Pursuant to the terms of the Connecticut contract that were incorporated, payment for the debris-hauling services was determined by the distance that debris was transported from temporary debris sites to the final disposal facility. Each of the temporary debris sites reviewed by OSC as part of this investigation was selected as a temporary site by local government officials and was approved by the DEP. AshBritt and the debris monitors were not involved with those selections.

Pursuant to a designation made by Ocean County, the final disposal facility in the county was the Ocean County Landfill (OCL), which is located in Manchester, New Jersey. Thus, unless the debris was to be transported out-of-state, AshBritt was required by Ocean County’s Solid and Hazardous Waste Management Plan, which was reviewed and approved by DEP, to use the OCL. Ocean County officials told OSC that to transport such debris out-of-state would have been cost-prohibitive and thus was not a viable alternative to the OCL.

The specific price for the hauling services varied based on the actual distance that debris was transported from the various municipalities’ temporary debris sites to the OCL. For example, the price for C&D debris transported between 0 and 15 miles from a temporary debris site to the OCL is set by the AshBritt contract at $31.25 per ton (referred to in this report as the “Tier 1 rate”). The price increased to $40.63 per ton for debris transported between 16 and 30

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AshBritt contract for non-asbestos-containing C&D, the most common form of Sandy debris transported to the OCL, is set forth below (temporary debris sites are also known as Temporary Debris Storage and Reduction Sites, which is abbreviated below as TDSRS and highlighted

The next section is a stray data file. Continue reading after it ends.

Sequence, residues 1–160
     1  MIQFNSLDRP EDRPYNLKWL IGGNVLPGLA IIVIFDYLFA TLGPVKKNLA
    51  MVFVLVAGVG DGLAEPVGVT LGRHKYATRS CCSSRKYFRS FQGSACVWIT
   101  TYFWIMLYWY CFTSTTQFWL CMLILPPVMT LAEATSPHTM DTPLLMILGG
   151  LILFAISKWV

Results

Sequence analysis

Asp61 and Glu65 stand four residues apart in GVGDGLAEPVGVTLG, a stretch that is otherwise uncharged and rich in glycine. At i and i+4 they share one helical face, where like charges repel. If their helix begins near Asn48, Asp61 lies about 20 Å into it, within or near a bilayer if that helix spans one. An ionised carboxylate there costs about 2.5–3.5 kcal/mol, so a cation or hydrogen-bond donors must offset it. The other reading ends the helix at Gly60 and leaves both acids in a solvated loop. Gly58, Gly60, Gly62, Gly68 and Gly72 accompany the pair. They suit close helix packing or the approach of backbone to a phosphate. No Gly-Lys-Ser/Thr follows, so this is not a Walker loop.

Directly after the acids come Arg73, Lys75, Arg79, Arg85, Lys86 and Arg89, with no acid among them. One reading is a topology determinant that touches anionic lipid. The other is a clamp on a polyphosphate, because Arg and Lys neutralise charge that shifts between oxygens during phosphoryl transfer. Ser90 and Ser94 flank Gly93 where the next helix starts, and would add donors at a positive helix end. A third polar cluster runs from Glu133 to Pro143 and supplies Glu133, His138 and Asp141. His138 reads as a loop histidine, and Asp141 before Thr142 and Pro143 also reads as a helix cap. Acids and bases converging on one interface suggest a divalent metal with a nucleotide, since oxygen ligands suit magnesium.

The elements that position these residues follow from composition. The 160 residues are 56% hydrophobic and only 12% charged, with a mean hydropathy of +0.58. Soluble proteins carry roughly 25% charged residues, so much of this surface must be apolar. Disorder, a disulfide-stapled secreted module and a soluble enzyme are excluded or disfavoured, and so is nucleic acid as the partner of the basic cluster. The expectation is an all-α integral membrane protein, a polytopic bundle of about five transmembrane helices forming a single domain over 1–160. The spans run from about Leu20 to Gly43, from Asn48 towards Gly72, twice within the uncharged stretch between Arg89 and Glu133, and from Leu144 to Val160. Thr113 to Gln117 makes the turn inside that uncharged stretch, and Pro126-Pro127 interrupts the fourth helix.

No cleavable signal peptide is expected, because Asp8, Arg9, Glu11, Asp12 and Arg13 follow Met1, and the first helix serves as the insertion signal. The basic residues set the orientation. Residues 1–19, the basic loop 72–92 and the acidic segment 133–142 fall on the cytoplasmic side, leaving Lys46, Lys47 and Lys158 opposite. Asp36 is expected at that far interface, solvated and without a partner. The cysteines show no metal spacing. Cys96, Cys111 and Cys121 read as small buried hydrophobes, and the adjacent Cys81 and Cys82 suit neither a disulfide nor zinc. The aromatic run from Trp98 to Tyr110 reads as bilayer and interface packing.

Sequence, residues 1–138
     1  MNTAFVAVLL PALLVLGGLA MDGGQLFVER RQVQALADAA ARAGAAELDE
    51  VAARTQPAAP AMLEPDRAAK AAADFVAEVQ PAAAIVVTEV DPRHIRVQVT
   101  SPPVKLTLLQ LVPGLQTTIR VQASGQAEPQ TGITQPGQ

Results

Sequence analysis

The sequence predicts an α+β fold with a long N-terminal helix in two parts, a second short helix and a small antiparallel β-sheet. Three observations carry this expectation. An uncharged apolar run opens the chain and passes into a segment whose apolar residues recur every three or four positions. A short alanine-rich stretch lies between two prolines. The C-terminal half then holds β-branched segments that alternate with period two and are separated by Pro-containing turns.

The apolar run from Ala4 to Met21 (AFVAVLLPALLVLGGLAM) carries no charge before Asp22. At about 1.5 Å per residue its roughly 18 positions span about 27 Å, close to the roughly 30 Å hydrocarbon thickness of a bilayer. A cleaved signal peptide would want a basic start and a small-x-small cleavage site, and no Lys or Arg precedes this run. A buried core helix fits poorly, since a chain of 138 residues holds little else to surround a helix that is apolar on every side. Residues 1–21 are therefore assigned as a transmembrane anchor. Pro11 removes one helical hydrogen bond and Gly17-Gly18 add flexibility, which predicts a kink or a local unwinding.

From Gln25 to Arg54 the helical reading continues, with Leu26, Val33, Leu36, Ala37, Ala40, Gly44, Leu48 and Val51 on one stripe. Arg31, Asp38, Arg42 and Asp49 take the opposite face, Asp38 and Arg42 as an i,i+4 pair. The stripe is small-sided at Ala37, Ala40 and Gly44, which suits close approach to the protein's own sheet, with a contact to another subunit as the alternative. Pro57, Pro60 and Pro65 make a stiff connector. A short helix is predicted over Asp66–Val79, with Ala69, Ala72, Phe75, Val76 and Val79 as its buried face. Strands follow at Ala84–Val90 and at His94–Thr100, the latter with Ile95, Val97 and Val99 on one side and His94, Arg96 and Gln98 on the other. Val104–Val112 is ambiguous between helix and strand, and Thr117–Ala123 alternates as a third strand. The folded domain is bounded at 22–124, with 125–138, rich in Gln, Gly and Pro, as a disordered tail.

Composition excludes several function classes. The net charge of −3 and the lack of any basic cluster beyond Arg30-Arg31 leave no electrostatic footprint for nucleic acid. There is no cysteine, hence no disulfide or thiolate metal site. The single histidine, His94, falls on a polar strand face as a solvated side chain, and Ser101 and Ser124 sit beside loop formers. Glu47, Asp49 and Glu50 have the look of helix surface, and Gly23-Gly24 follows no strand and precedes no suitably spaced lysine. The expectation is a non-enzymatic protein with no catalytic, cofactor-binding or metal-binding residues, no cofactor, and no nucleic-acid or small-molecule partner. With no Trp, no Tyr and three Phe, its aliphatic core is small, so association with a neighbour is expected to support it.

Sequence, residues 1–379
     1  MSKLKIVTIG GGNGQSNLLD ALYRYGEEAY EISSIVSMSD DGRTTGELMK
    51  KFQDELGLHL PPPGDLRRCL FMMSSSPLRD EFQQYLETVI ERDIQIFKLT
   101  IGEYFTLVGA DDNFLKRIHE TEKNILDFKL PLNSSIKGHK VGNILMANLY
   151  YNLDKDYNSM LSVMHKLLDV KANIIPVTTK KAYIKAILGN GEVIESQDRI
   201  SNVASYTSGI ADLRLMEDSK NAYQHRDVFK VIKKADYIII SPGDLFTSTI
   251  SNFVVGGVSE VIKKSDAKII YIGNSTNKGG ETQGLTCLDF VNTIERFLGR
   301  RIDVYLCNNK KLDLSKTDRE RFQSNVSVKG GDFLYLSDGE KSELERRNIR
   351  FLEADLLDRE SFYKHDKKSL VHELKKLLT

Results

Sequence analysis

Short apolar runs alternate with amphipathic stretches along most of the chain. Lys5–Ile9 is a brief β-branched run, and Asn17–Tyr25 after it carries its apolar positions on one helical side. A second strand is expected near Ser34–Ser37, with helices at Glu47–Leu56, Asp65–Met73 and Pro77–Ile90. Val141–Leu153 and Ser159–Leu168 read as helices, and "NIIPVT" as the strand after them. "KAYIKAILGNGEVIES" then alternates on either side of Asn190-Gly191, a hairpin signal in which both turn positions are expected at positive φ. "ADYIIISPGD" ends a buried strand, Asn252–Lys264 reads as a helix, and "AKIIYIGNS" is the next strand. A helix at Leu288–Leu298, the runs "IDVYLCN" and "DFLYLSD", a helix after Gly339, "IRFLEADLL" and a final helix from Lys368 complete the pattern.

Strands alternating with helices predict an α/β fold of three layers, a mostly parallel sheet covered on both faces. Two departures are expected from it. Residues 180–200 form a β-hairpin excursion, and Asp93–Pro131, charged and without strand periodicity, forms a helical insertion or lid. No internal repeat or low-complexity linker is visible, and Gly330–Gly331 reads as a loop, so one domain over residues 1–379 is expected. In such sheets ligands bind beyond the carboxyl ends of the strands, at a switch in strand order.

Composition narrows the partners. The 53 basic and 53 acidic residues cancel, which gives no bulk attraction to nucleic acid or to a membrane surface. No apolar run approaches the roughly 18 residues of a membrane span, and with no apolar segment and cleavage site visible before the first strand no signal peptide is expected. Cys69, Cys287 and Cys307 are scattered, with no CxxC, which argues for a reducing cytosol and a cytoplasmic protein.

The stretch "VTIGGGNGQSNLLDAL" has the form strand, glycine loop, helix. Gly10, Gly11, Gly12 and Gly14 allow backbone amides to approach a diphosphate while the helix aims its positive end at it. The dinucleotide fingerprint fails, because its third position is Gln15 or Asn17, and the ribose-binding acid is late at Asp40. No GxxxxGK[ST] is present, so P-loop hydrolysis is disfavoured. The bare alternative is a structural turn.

This pricing schedule was in effect for all of the billings that are the subject of this investigation.

In June 2013, FEMA announced its intention to reimburse New Jersey governmental entities for up to 90 percent of their debris removal costs attributable to Sandy, provided that certain eligibility requirements are satisfied. To facilitate such reimbursement, FEMA previously has issued guidance documents. For example, FEMA has created a sample bid sheet

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sheet (temporary debris sites are also known as Debris Management Sites, which is abbreviated

below as DMS):

Thus, like the pricing schedule in the AshBritt contract, the FEMA sample bid sheet calls for different pricing components for debris transportation depending on whether the distance is “0 or “16-30” miles. FEMA guidance materials do not set forth specific recommended rates to be charged, but simply require that all charged costs be “reasonable.” FEMA has described a reasonable cost as one that “in its nature and amount does not exceed that which would be incurred by a prudent person under the circumstances prevailing at the time the decision was made to incur the cost.”

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FEMA to monitor debris removal services to ensure that all applicable eligibility requirements are satisfied. This requirement typically is met through the use of debris monitoring companies.

Such companies review the invoices submitted by vendors such as AshBritt. The debris monitors are responsible for calculating, among other things, the transport mileage supporting an invoice and must recommend payment in order for money to be paid to debris-hauling vendors by a local government entity. This process occurs before a reimbursement request is made to FEMA. As of the date of this report, this process is ongoing, with many of AshBritt’s invoices having been recommended for payment by the debris monitors, paid by the local government entity and submitted to FEMA for reimbursement.

Shortly after Sandy struck New Jersey, the State entered into agreements that made these debris monitoring services available to local governments through the cooperative contracting process. Specifically, in November 2012, the State entered into a cooperative debris monitoring contract with Arcadis U.S., Inc. (Arcadis) and expanded existing State contracts with the Louis Berger Group, Inc. (Louis Berger) and Witt O’Brien’s, LLC (Witt O’Brien’s) (formerly known as O’Brien’s, Inc.) to explicitly encompass debris monitoring services. Through Ocean County’s shared services agreements, several Ocean County municipalities utilized the debris monitoring services of Louis Berger, with whom the county itself also entered into an agreement. A smaller number of Ocean County municipalities directly entered into agreements with Arcadis and one municipality entered into a contract with Witt O’Brien’s.